Inspired by the 458 MM Speciale, we ask Ferrari's commercial director what five things you must do to be eligible for a one-off supercar
Matt Burt
24 July 2016

Somewhere in Britain, there’s a very happy and very proud car nut. This person, who wishes to remain anonymous, is the owner of the Ferrari 458 MM Speciale, a model built to his or her own vision by Maranello’s One-Off programme.

Based around the 458 Speciale’s underpinnings, this one-of-a-kind car, recently seen at the Goodwood Festival of Speed, has gone down a storm since it was first unveiled. Even Maranello is impressed with its own handiwork. “We think this is one of the best one-offs so far,” says Enrico Galliera, Ferrari’s commercial director. “The client came with a clear idea of what they wanted. That was one of the keys to the success of the project.”

Ferrari One-Off began a few years ago when Japanese Ferrari collector Junichiro Hiramatsu asked for something special to celebrate his history with the company. The result was the SP1, based on the F430, and the positive response convinced Ferrari that there was a market for such cars.

So how does one go about commissioning a bespoke Ferrari? Well, you don’t simply knock on Maranello’s door and brandish a blank cheque…

Be a devout Ferrari owner and enthusiast

No one can buy an invitation to participate in the One-Off programme and Ferrari doesn’t promote it. Instead, the company gauges the suitability of owners at events such as the Festival of Speed and its own special gatherings. A passion for all things Maranello is a given.

“It is something that develops from one-to-one contact,” says Galliera. “When we have in front of us a client who loves our special cars or is looking for something different, we might propose it. The selection of the clients is very important. We try to pick those who live and breathe Ferrari and appreciate how special a one-off car is.”

Be prepared to invest your time

Creating your own Ferrari can take between 18 and 24 months and includes regular consultations with the engineers and designers at Maranello. “It is like developing a house,” says Galliera. “If you change your mind several times, then it takes longer than expected. It also depends on how different the car is and how specific you are with your requests.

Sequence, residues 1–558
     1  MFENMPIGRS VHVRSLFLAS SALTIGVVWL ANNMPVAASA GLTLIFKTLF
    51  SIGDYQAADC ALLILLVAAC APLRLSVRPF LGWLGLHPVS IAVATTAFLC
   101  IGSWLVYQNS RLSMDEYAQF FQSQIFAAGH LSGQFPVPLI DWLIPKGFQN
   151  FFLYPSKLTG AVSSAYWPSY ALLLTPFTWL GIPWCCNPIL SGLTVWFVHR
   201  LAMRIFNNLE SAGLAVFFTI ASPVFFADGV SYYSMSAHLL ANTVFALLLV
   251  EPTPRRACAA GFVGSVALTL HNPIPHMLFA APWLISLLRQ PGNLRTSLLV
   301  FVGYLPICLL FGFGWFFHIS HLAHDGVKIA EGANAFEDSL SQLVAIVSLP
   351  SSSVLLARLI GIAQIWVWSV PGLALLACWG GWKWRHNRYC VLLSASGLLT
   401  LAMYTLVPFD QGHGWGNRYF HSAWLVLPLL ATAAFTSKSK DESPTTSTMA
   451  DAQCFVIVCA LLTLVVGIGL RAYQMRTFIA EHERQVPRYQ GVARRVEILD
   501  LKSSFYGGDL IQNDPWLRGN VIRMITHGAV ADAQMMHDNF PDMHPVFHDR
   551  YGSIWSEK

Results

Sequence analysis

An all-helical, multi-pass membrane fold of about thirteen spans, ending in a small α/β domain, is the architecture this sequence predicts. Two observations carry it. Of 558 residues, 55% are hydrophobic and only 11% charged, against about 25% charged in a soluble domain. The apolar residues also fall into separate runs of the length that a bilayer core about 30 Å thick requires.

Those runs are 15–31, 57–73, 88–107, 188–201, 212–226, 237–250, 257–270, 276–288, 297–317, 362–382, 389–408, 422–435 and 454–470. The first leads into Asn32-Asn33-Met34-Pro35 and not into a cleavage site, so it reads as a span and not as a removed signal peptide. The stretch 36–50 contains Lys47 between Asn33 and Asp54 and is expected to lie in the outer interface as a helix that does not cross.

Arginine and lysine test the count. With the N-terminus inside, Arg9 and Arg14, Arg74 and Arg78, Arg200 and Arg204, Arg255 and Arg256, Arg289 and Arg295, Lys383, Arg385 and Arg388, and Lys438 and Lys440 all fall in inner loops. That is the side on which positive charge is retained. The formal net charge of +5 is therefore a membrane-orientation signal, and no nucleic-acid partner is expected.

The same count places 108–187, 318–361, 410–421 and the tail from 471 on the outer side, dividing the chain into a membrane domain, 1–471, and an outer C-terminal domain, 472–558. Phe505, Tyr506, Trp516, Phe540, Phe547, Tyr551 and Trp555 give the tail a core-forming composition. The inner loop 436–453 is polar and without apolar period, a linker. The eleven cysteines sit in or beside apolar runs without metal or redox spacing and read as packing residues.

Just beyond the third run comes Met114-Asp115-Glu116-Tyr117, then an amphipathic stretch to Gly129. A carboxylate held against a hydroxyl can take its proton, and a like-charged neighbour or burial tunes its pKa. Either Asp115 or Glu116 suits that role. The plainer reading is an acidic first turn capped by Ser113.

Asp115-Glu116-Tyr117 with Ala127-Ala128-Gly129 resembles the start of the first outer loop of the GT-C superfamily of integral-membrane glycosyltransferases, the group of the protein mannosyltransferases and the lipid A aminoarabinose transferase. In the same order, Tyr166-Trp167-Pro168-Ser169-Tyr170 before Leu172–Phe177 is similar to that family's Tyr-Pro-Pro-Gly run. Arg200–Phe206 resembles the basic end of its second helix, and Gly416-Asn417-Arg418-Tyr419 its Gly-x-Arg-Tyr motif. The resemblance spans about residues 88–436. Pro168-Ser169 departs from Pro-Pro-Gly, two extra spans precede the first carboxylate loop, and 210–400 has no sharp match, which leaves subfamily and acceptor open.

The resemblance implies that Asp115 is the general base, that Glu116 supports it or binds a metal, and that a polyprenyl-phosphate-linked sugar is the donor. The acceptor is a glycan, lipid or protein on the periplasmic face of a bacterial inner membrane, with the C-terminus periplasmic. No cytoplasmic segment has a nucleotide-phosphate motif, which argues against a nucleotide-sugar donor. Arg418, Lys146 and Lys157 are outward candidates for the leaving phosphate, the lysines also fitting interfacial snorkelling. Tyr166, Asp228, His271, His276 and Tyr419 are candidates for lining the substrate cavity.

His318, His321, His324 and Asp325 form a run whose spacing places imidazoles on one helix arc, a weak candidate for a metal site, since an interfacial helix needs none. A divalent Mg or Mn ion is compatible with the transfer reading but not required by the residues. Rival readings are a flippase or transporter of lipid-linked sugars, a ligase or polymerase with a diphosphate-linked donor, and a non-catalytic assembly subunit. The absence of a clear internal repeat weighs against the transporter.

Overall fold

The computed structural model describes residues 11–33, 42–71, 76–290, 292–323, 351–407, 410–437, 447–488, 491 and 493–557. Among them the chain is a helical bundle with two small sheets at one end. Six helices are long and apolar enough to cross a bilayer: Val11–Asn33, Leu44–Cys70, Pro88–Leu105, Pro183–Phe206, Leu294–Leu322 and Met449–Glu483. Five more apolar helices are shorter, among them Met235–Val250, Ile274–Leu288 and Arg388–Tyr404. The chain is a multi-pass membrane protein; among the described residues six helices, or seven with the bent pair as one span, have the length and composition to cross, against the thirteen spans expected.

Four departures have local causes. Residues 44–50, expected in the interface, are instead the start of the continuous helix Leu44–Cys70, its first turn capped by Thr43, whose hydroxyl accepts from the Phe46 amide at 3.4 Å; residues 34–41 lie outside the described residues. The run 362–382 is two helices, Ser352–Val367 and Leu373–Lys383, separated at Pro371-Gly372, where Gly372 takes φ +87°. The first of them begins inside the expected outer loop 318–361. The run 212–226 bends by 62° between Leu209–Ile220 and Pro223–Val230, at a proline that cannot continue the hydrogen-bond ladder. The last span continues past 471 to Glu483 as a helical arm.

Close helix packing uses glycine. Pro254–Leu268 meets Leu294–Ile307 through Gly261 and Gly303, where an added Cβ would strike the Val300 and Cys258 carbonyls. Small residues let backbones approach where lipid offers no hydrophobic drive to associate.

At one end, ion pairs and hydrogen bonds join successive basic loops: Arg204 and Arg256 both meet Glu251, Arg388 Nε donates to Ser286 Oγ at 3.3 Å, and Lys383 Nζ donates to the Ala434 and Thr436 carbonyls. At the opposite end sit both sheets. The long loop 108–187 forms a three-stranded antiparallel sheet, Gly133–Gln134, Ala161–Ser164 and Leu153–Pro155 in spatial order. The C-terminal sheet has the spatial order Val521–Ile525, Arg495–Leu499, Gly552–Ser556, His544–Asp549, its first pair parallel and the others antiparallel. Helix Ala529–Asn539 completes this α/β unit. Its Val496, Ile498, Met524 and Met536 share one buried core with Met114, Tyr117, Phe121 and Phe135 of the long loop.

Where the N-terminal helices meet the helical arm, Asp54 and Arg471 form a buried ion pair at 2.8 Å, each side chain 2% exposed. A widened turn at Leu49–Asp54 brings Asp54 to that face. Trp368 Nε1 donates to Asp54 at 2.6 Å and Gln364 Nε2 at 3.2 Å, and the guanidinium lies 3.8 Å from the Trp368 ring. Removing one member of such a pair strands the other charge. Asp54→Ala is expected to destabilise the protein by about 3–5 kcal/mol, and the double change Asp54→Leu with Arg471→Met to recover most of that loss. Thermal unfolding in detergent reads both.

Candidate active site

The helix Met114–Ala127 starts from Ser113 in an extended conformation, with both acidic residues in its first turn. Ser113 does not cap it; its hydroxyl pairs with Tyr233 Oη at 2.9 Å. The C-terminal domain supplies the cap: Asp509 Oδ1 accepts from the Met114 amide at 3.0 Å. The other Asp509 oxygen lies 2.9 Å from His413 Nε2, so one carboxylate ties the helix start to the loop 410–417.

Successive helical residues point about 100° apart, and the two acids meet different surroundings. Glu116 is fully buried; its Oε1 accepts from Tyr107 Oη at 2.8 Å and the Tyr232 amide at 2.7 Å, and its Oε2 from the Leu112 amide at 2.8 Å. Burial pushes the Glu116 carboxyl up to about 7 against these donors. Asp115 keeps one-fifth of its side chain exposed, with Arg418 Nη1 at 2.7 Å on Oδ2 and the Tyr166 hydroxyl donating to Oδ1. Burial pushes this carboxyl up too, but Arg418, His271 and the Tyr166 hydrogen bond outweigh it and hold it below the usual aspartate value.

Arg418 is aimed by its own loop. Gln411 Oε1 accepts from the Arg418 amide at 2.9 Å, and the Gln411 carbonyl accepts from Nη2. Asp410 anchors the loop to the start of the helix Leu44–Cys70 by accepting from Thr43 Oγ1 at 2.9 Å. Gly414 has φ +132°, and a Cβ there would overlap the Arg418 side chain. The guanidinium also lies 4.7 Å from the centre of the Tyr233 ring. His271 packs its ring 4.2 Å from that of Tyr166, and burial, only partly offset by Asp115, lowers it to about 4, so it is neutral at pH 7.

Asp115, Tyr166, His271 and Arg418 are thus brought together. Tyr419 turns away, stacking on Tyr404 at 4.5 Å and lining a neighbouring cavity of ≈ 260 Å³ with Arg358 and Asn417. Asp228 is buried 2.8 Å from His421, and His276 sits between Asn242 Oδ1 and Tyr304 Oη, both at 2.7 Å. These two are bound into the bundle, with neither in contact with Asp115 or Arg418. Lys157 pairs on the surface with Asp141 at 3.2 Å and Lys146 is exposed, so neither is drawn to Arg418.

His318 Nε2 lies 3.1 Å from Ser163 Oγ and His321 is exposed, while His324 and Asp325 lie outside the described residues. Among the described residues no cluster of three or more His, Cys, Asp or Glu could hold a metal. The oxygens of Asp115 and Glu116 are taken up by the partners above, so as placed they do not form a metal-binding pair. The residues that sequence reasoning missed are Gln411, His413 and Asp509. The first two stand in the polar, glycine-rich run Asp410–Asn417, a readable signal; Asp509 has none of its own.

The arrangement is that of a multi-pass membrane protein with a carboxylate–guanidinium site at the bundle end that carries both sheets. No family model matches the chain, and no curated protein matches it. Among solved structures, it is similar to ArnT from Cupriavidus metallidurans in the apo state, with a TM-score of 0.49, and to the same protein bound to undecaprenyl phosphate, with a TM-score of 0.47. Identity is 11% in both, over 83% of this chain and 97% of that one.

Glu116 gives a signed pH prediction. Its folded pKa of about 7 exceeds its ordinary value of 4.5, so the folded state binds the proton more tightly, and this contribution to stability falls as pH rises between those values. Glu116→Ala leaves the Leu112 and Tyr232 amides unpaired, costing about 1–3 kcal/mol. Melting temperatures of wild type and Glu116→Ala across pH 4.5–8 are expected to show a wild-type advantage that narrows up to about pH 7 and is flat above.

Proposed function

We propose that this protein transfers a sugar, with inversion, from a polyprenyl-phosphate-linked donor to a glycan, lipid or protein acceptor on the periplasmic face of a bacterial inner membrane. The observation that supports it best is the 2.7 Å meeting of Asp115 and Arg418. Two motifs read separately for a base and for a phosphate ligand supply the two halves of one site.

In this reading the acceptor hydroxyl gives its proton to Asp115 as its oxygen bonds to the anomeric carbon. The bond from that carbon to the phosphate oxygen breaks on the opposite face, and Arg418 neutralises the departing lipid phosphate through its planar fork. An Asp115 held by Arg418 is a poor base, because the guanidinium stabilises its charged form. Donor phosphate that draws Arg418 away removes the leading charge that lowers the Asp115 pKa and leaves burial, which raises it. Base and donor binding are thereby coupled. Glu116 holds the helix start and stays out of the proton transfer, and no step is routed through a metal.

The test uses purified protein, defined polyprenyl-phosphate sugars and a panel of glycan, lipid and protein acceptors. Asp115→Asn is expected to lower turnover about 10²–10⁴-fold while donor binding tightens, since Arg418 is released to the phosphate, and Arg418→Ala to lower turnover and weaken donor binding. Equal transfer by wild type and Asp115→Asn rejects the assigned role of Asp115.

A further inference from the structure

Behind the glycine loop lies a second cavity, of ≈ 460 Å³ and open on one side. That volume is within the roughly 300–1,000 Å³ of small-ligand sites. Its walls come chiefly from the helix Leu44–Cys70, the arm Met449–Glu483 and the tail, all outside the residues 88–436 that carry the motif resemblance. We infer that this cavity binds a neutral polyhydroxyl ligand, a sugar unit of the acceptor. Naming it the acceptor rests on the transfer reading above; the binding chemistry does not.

“The client has to come to Maranello to sit with our team quite frequently. It is a big investment in terms of time. They become like an employee of the company. They sit together with the designer and with the technical team. We receive input from the client if they have any ideas – so, for example, if they want to have a car inspired by an historical Ferrari, or by a racing car.

“We decide what kind of chassis they want to choose – 458, eight-cylinder, 12-cylinder, whatever – and then we come up with some design thoughts and show them some direction. From there is a series of meetings that take place, during which our design team is working with the client to take the direction they want to take.”

Don’t ask for pink…

Core mechanical components such as the engine and chassis remain standard, but everything around them can be changed. The 458 MM Speciale, for example, featured radically altered aerodynamics.

However, there are some things Ferrari won’t do, no matter how big a cheque is being offered. Galliera says: “It has to be consistent with our brand. So if someone asks us for a pink Ferrari, the answer is no. If they ask to have a hardcore racing GTC4 Lusso, the answer is no. If there is a specific request that we think is not fitting with the positioning of the car, it is not a matter of money; the answer is no. “This is first and foremost a Ferrari, which means that the performance cannot be compromised by the design.”

Be very patient

The One-Off programme will produce a maximum of three cars per year. Galliera says: “We have a big problem, which is that we are sold out until 2021. It has to remain something extremely limited. So even though we have a long list of clients, we are trying to cap it. And that’s the problem that we have so far: that we still have a lot of requests that we cannot satisfy. Raid your piggy bank

Galliera says: “The price depends on which chassis you are using and what kind of project you want, but the price can be around three million euros.”

Be prepared to drive it

Ferrari wants even the rarest of its cars to be used and enjoyed on the road. “Of course, we believe that our cars can live in a nice museum or a private collection, but we prefer every single car to be on the road,” says Galliera. “So whether we talk about the standard road cars or the One-Off projects, we tend to push our clients to bring their cars to life. It is really important.”

However, owners aren’t obliged to show off their cars at events like the Festival of Speed if they prefer greater privacy instead. “The visibility of the car very much depends on the client,” says Galliera. “We respect their wish. The only thing we ask is that they drive and enjoy the car.”

Read about more one-off Ferraris here: 458 Italia-based SP12 EC, Enzo-based P4/5 and F12-based F12 TRS.

Our Verdict

Ferrari 458

The Ferrari 458 Italia has set a new standard by which supercars are now judged

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Comments
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25 July 2016
Come on, Max Power your Ferrari, with some go faster stripes, and a Blaupunkt.

www.KOOOLcr.com

 

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